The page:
- "…And most importantly, he [John Williams] has created a grand love theme, the perfect accompaniment to the developing relationship between Anakin Skywalker and Padmé Amidala."
- ―George Lucas
"Across the Stars" is the primary thematic music of Star Wars: Episode II Attack of the Clones. The piece was composed by John Williams to accompany the romance between Anakin Skywalker and Padmé Amidala, and is used frequently throughout the film and its sequel, Star Wars: Episode III Revenge of the Sith.
Conception and development[edit | edit source]
John Williams wrote the musical score for the 2002 film Star Wars: Episode II Attack of the Clones, as had been the case for the four previous Star Wars films. He used the London Symphony Orchestra and London Voices to perform the music. Only the orchestra was used for "Across the Stars", the motif used to represent the romance between Anakin Skywalker and Padmé Amidala. The Attack of the Clones soundtrack was released on CD April 23, 2002 and as an MP3 download on May 16, 2002.
Symbolism[edit | edit source]
- "Their love is complicated - pure yet forbidden, personal but with profound ramifications for an entire galaxy. Somehow, John has managed to convey all of that complexity in a simple, hauntingly beautiful theme."
- ―George Lucas
Accompanied by triplet arpeggios, this love theme illustrates the bond between the queen-turned-senator Padmé Amidala and the slave-turned-Jedi-Knight Anakin Skywalker slowly strengthening and blossoming into love. The forbidden love is sealed in matrimony and continues until it slowly crumbles when Anakin turns to the dark side.
Summary[edit | edit source]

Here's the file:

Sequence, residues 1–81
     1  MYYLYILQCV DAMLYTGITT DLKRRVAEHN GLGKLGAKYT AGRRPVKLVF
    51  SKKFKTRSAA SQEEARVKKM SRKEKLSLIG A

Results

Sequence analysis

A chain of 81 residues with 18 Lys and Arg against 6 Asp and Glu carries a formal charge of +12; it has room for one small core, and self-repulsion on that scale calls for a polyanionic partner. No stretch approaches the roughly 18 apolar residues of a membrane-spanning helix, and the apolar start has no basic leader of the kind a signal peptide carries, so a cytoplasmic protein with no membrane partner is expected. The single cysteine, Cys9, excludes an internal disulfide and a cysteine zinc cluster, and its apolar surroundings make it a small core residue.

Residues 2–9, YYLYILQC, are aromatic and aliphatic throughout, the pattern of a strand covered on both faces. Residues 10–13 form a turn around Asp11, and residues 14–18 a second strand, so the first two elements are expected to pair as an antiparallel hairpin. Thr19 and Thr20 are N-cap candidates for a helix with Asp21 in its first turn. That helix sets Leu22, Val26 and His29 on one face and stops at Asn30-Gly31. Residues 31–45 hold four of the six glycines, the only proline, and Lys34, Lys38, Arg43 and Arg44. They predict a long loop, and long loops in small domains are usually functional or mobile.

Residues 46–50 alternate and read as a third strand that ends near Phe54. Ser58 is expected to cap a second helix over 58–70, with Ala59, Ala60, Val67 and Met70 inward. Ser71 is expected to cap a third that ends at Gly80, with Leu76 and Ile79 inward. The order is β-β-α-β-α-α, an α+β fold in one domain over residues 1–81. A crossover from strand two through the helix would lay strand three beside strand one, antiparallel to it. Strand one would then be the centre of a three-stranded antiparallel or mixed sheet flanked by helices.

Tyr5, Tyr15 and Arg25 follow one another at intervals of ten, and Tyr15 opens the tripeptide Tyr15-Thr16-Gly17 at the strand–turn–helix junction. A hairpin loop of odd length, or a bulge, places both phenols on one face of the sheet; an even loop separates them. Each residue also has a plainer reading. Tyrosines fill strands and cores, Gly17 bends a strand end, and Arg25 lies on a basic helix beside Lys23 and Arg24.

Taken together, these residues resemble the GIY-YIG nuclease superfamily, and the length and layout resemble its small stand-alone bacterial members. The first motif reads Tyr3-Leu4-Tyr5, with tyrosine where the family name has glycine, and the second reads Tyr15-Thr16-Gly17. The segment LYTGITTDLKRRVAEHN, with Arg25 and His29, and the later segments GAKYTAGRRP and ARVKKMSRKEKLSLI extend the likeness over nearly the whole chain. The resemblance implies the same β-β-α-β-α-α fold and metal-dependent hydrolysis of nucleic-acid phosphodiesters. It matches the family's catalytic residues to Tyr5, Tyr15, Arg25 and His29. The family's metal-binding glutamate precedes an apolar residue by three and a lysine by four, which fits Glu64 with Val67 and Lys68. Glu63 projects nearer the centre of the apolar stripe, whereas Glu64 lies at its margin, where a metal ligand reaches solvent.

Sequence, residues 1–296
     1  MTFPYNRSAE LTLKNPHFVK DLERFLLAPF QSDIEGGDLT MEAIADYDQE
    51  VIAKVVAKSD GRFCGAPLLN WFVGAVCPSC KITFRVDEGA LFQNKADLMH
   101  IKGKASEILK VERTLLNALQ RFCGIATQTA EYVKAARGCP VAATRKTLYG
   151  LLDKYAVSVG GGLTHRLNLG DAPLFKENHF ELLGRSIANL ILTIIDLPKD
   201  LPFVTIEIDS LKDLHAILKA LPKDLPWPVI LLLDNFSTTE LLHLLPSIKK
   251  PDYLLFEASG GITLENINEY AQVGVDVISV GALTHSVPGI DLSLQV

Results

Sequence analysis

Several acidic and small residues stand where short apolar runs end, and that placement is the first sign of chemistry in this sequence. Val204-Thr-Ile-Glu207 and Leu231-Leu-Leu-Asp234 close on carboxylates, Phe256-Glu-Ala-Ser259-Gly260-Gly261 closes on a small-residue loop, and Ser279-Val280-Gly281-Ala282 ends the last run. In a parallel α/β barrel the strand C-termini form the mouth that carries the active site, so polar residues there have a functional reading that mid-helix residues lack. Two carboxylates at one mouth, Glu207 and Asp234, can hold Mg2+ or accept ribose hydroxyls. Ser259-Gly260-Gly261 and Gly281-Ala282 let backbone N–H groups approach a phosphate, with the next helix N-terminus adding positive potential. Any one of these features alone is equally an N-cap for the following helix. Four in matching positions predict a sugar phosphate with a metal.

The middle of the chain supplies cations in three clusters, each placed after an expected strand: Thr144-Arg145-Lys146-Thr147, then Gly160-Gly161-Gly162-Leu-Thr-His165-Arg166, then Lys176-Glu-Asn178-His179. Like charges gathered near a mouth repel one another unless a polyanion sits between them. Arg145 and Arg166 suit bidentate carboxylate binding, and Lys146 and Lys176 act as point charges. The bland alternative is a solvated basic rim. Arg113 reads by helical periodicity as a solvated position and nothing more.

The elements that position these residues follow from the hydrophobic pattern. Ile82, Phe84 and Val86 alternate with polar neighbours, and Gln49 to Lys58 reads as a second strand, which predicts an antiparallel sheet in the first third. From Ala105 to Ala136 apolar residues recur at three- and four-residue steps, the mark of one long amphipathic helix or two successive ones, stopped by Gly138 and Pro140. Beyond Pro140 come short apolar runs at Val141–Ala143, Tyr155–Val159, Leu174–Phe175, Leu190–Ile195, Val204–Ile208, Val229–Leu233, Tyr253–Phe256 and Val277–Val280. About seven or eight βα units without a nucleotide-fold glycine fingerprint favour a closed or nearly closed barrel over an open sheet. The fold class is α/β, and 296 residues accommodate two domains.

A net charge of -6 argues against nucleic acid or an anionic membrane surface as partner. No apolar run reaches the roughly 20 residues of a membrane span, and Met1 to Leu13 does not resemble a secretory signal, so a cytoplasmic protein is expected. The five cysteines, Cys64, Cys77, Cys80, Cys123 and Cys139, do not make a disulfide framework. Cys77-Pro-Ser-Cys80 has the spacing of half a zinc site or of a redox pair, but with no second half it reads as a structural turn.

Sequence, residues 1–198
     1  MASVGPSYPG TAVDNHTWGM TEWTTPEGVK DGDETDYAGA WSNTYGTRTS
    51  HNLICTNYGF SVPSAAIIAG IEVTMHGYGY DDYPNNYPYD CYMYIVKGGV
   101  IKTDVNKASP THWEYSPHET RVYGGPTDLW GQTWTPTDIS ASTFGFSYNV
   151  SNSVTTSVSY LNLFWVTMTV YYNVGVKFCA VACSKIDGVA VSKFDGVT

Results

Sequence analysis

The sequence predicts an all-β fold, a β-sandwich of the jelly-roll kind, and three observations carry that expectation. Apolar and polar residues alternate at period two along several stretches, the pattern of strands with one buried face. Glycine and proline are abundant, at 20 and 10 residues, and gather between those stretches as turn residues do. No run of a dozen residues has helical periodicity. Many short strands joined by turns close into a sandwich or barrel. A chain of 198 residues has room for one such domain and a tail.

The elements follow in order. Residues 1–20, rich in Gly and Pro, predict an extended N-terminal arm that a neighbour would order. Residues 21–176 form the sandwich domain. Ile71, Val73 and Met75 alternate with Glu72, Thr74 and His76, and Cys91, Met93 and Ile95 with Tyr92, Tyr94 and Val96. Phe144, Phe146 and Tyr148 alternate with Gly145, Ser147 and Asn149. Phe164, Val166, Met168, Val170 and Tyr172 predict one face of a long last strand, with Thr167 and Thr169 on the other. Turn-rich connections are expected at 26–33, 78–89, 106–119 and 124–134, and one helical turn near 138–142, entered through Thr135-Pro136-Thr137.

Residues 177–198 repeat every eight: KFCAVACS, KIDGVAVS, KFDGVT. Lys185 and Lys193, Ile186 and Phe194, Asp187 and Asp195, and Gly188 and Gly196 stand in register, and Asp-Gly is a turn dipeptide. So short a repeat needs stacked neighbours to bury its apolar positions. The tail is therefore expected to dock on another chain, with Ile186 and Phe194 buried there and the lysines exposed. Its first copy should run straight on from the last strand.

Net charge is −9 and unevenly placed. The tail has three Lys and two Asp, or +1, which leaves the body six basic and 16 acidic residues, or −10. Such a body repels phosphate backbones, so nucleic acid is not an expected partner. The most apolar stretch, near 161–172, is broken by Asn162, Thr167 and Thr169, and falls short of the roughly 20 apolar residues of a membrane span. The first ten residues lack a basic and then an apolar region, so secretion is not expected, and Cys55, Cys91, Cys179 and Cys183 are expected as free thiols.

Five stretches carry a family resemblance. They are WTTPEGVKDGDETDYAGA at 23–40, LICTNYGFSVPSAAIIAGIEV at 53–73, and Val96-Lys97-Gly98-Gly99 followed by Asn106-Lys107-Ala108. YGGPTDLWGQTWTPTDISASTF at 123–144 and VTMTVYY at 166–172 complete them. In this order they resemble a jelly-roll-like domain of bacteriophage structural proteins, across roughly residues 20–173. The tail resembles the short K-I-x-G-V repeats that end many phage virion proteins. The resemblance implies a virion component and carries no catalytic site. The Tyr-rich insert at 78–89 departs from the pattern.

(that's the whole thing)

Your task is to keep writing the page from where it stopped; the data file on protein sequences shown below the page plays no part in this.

The theme starts off with a slow, emotional part performed by the violas, which play long notes, and the harp, which plays repeating triplets. As this strings continues, a solo oboe comes in with the primary melody. After the oboe finishes half of the melody, the strings finish the other half and end the first section. Next, the strings join the harp in playing eleven sets of triplets before the violins commence with the main melody, which was played by the oboe prior to the triplets. This is backed by short flute riffs. The horns continue a short section of the melody before climaxing into an emotional and climactic part by the violins and horns. The violins then go into two descending phrases, the second higher in pitch than the first. The piece then turns darker into F minor as the low strings repeat a ten sixteenth note riff and the low brass and woodwinds repeat a march-like phrase. The violins then come in to back the low strings. The oboe then hints at the main melody while the low voices continue their phrases, followed by a horn phrase. This is succeeded by numerous pieces of the melody played by trombones, an oboe, and the horns, each followed by two beats played by horns and trombones, and trumpets respectively, with the horns having no phrase after they play the melody. The theme then crescendos into a violin part accented by staccato and legato phrases from the low strings. Next the horns take over the melody while the low strings play more staccato notes. The motif revisits the point toward the beginning where the horns and violins shared the melody, a half-step lower in E minor. However, this time the trumpets play small background phrases consisting of one note per phrase, excluding the last phrase. The horns and oboe then take over with the descending part the violins played earlier. The horns play the first, lower one, and the oboe plays the second, higher one. These two phrases are complemented by several ascending violin parts. The strings then crescendo leading into another run-through of the darker part of the theme. The violins drop out, followed by the tubas and low strings, which leads into the finale of the theme: a harp solo of the main theme succeeded by an English horn solo ending in a long note.